Why Open Source?

This question may seem trivial but it’s a very important consideration that even the most open source mature companies revisit regularly. In this part of the workshop, we’ll examine seven key reasons why enterprises should engage with open source software, regardless of industry and focus, and how they can gain incredible value from such engagements.

The Importance of Open Source Strategy

Going through the exercise of establishing an open source strategy is a great way to figure out your company’s current position and its future goals with respect to open source. These strategy discussions will usually evolve around goals you’d like to achieve, along with why and how you’d like to achieve them. In this part of the tutorial, we discuss the many questions to consider when determining your open source strategy and tie that to your product and services strategy for a path to a better ROI.

Implementing an Open Source infrastructure

Once you have identified your company’s open source strategy, you need to build infrastructure to support your open source efforts and investments. That infrastructure should act as a enabler for your efforts in using open source, complying with license, contributing to projects, and leading initiatives. In the workshop, I’ll present these various elements that together form an incredible enabling environment for your open source efforts.

Recommended Practices (17 of them)

When IBM pledged to spend $1 billion on Linux R&D back in 2000, it was a major milestone. IBM was a pioneer in the enterprise open source world, and the company had to learn a lot about working with open source software and the various communities. Other companies have since followed suit, and many more are now entering open source as it becomes the new normal of software development.  The question is: How can you minimize the enterprise learning curve on your own open source journey? We’ve got you covered. In this talk, we’ll explore 17 lessons learned from nearly two decades of enterprise experience with open source software.

Challenges

Beyond implementing these best practices, open source adoption requires a cultural shift from traditional software development practices to a more open and collaborative mindset. Internal company dynamics need to be favorable to open source efforts. As an open source leader inside your organization, you will face several challenges in terms of funding resources, justifying ROI, getting upstream focus, etc. These challenges often require a major shift in mindset and a lot of education up the chain. We will explore various considerations relating to culture, processes, tools, continuity, and education to ensure you are on track to open source success in your organization.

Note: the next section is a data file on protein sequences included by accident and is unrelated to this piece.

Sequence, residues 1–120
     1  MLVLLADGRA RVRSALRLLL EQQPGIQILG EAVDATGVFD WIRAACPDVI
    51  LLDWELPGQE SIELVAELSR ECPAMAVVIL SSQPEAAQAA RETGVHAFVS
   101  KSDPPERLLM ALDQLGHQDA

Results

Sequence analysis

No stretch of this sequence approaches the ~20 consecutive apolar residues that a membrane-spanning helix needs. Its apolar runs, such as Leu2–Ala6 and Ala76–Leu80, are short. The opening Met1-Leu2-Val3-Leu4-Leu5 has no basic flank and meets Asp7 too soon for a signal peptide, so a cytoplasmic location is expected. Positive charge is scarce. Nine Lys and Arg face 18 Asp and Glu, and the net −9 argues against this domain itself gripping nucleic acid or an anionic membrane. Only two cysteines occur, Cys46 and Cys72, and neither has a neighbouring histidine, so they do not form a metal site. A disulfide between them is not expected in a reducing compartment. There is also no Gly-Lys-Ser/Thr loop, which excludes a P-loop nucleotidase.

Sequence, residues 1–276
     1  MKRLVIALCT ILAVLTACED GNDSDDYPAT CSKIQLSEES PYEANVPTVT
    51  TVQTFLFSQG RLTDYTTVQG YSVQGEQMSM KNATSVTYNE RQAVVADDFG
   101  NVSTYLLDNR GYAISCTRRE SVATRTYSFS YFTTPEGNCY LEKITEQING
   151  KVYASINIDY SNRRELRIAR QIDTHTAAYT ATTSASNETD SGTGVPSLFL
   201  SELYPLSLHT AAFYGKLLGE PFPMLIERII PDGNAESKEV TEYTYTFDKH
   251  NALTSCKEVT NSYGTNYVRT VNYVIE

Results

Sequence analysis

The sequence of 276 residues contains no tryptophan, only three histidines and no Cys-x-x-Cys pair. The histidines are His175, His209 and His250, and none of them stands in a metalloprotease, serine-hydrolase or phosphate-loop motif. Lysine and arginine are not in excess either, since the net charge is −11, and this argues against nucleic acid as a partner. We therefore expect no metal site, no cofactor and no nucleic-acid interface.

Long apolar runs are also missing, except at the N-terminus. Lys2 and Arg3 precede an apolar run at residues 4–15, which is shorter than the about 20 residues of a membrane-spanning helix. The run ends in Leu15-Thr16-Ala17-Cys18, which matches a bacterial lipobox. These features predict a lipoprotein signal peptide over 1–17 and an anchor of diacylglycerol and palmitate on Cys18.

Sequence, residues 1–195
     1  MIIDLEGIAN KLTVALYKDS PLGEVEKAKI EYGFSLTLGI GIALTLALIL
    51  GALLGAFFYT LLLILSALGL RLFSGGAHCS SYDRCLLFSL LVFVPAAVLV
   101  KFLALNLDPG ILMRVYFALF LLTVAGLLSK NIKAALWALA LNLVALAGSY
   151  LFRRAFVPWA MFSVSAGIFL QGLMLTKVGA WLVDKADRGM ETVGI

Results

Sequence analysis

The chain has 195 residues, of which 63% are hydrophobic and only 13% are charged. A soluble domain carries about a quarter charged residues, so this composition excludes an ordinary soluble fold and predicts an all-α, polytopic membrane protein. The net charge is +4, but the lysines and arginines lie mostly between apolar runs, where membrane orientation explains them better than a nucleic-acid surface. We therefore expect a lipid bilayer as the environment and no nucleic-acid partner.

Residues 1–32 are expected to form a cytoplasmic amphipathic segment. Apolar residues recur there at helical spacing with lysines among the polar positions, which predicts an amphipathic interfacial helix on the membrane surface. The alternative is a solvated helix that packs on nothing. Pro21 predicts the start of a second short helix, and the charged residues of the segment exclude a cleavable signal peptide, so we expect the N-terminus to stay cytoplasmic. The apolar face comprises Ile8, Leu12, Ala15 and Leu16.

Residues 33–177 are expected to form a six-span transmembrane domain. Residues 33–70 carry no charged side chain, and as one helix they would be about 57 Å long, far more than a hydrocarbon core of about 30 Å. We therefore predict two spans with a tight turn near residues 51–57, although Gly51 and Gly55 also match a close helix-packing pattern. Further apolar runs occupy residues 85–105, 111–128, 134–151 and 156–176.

We hope to see you at Open FinTech Forum for an informative and high-value event.

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This new ebook from The Linux Foundation provides a practical approach to establishing an open source strategy based on more than two decades of experience.

When it comes to running and managing open source in the enterprise, experience-driven advice counts for a lot. It is very likely that your organization already runs open source, but many organizations make the mistake of reacting to the open source ecosystem instead of adopting a proactive strategy that is optimized for success. That’s where the free Enterprise Open Source ebook comes in.

This new 45-page ebook from The Linux Foundation provides a practical approach to establishing an open source strategy by outlining the actions your enterprise can take to accelerate its open source efforts. The information is based on more than two decades of professional, enterprise open source usage and development and will be most beneficial to software engineering executives, development managers, compliance experts, and senior engineers involved in enterprise open source activities.